A doctor’s memoir expands on his blogs, written while he worked at a Doctors Without Borders hospital in Sudan.
In 2007, Maskalyk (Emergency Medicine/Univ. of Toronto)—young, single and willing to go to an isolated, dangerous place—arrived in Abyei, a small village where conflict between militias of North and South Sudan compounded the stresses of extreme poverty. Here, the author avoids the political story, concentrating instead on the human one. Just getting from Canada to Sudan was a test of patience and endurance, valuable traits for anyone charged with providing medical care under the conditions in Abyei. The hospital’s job was to treat acute illness, but it was besieged with emergency cases as well—victims of gunshot wounds and car accidents, women in protracted labor, children with rabies. A measles epidemic began shortly after Maskalyk’s arrival, adding to the usual cases of tuberculosis, pneumonia, infections and fevers. Not everyone could be treated—those with chronic or minor problems had to be turned away, and hunger and death were common. The author’s own trials included brutal heat, sleeplessness and a pervading feeling of helplessness. Maskalyk alternates entries from his blog with more reflective chapters written after he returned to Canada. The blogs have been slightly edited but retain the syntax and general format of the original, which slows reading but lends his work a you-are-there immediacy. A few photographs bear out his descriptions of the conditions. More about the culture of the Dinka, the tribe that made up most of his patients, would have enhanced Maskalyk’s account, but he could not speak their language—a translator accompanied him in the hospital—and he spent most of his nonworking hours inside the compound that he shared with his co-workers.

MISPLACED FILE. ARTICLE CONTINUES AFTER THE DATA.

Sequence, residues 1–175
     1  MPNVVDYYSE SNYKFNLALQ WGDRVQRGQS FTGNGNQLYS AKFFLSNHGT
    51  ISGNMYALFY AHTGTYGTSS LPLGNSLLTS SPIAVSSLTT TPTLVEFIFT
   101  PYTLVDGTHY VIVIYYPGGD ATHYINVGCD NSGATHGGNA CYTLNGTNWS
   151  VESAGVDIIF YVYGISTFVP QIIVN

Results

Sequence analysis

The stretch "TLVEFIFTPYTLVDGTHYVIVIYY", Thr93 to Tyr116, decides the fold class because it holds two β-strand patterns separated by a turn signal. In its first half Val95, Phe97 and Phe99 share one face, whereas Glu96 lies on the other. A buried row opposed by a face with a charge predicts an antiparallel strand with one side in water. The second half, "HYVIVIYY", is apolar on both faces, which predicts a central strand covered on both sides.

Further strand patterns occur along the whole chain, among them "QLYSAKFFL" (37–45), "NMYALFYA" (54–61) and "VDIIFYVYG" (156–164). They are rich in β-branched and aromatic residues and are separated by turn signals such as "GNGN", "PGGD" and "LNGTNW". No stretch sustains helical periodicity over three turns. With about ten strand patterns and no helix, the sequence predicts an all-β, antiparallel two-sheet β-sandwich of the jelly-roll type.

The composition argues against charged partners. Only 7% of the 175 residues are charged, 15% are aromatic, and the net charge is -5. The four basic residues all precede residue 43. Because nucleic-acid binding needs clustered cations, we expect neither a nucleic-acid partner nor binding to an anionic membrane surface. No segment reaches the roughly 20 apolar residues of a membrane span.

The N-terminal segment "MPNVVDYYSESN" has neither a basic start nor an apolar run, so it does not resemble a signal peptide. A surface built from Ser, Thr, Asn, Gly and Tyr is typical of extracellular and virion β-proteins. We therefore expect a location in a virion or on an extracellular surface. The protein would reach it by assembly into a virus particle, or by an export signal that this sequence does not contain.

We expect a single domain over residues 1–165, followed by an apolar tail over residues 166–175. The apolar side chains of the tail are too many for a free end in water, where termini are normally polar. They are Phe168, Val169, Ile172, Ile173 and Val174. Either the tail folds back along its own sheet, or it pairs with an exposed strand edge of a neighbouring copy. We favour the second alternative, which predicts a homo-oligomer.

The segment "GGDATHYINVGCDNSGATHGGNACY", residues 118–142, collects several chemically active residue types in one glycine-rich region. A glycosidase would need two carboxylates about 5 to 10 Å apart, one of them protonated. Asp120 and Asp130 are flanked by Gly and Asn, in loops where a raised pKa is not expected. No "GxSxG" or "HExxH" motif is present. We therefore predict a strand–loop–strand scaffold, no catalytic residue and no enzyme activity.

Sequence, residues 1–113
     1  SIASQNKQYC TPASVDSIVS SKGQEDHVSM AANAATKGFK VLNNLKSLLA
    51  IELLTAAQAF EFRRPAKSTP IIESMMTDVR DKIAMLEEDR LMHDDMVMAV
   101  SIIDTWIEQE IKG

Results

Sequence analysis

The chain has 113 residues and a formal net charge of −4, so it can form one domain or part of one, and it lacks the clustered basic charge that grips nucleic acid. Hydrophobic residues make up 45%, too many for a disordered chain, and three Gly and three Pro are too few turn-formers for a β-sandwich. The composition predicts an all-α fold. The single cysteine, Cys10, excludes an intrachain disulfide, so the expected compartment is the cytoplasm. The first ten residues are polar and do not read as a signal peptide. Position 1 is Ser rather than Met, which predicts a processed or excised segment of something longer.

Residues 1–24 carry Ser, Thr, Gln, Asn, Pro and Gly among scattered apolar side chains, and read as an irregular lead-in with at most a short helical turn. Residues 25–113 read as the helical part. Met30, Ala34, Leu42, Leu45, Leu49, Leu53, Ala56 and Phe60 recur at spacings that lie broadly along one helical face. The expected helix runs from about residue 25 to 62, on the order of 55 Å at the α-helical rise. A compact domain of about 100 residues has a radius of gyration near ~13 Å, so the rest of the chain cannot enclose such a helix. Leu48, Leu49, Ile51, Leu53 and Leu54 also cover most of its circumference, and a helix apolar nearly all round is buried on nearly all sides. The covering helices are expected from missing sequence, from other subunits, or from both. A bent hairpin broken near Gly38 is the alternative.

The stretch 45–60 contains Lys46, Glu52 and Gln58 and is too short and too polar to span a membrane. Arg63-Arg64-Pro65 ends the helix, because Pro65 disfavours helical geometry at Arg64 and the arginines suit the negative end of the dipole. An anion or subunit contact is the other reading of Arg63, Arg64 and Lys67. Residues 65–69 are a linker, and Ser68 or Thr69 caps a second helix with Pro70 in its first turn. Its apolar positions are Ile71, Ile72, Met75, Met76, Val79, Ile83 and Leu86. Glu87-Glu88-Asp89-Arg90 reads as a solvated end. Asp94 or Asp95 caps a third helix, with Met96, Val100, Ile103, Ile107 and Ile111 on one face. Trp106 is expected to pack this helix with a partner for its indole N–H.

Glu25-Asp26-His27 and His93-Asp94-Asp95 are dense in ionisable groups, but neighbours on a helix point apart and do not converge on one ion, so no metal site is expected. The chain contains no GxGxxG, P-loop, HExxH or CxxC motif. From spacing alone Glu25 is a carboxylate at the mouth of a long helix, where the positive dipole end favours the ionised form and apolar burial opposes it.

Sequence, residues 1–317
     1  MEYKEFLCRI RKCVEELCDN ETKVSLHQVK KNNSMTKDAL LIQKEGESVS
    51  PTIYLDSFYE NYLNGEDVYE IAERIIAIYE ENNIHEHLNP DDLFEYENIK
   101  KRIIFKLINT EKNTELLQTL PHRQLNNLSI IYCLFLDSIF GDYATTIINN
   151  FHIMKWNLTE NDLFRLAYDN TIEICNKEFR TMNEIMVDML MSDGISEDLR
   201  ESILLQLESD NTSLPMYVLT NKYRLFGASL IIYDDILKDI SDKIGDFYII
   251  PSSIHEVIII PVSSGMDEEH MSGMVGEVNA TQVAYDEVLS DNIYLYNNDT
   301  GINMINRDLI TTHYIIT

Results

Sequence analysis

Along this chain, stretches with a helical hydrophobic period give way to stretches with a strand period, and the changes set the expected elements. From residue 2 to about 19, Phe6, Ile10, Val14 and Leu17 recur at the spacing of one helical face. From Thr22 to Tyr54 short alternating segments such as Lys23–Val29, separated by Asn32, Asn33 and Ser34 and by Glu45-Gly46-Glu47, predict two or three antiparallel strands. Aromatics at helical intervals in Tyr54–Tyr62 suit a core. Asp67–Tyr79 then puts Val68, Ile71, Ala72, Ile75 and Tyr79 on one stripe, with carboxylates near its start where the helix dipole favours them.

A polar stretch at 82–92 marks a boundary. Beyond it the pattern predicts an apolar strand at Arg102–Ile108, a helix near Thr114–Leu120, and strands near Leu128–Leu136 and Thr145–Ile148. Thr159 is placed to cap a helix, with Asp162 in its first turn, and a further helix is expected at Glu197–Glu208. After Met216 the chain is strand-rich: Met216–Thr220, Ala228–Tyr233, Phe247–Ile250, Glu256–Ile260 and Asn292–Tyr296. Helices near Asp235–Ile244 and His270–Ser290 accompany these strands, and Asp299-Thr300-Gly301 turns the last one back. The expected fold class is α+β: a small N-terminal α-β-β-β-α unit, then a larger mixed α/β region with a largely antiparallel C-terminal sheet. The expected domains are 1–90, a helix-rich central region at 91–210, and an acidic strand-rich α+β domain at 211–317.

A grim glimpse of stopgap measures in a world where humanity is desperately needed.